The main limitation of this study arises from methodological concerns regarding a ‘‘before and after’’. For a strong conclusion, a cohort study delineation would be more appropriated, comparing scores before and after surgery, as Cortina and Hallek’s paper.[21] However, this was not possible because our first surgeries were ten years ago and questionnaires were not applied in that time. Because of that, we decide to divide our patients in two groups based on visual acuity and to compare score results of both groups - a cross sectional study. In despite of, our interpretation is that the observed differences were clinically important.

In conclusion, we observed that in our sample Boston KPro implantation has the potential of significantly improving the vision-related quality of life in patients with poor prognosis. Patients who achieve a better visual acuity have better measures on quality of life scales, as compared to those with worse visual outcomes.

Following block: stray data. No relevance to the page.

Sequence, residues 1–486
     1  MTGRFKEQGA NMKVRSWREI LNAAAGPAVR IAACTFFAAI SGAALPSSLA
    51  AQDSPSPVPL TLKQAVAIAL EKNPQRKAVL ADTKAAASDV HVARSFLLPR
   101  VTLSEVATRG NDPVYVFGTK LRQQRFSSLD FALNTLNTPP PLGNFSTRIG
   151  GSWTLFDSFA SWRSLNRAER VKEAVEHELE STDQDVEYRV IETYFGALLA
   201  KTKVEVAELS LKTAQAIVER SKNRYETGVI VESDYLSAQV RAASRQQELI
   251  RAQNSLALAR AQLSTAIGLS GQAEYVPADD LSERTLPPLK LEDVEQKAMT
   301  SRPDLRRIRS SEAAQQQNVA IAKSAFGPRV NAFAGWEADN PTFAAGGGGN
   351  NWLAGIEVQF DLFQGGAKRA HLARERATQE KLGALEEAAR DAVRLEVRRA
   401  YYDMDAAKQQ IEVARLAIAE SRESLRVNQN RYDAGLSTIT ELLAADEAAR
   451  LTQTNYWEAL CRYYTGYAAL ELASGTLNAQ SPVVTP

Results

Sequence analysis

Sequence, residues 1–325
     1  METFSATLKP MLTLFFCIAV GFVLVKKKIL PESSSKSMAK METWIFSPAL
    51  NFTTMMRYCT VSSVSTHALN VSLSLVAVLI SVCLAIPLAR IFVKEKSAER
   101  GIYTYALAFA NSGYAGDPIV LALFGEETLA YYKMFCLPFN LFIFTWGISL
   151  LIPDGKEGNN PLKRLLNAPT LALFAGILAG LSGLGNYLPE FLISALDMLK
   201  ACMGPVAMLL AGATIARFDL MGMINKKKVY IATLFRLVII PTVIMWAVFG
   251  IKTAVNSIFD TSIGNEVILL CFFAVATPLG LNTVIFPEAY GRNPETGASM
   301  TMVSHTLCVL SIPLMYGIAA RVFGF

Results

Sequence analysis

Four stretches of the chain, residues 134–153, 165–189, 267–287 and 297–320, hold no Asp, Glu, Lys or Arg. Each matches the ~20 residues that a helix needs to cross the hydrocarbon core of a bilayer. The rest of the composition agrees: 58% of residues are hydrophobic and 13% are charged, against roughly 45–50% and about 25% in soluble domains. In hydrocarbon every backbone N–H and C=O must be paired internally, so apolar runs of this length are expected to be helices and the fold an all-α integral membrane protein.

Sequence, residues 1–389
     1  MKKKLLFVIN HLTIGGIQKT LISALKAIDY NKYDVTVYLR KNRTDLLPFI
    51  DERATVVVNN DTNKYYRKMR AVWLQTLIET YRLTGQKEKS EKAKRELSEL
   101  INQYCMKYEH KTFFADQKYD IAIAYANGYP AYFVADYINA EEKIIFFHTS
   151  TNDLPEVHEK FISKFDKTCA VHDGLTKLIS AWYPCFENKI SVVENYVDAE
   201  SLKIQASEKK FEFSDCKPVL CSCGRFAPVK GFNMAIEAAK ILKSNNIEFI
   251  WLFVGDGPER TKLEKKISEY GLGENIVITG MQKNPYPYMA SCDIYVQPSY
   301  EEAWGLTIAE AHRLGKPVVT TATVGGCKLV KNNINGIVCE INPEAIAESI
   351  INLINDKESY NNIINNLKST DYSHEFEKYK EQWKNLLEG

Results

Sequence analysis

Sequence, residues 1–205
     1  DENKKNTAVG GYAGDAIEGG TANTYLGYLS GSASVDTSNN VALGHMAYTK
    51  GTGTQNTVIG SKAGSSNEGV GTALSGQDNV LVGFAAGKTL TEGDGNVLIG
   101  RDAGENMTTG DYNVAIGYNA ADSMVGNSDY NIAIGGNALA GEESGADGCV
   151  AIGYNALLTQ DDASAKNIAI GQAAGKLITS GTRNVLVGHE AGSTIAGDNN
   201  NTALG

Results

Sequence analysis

Conflict of Interest

All authors certify that they have NO affiliations with or involvement in any organization or entity with any financial interest (such as honoraria; educational grants; participation in speaker’s bureaus; membership, employment, consultancies, stock ownership, or other equity interest; and expert testimony or patient-licensing arrangements), or non-financial interest (such as personal or professional relationships, affiliations, knowledge or beliefs) in the subject matter or materials discussed in this manuscript.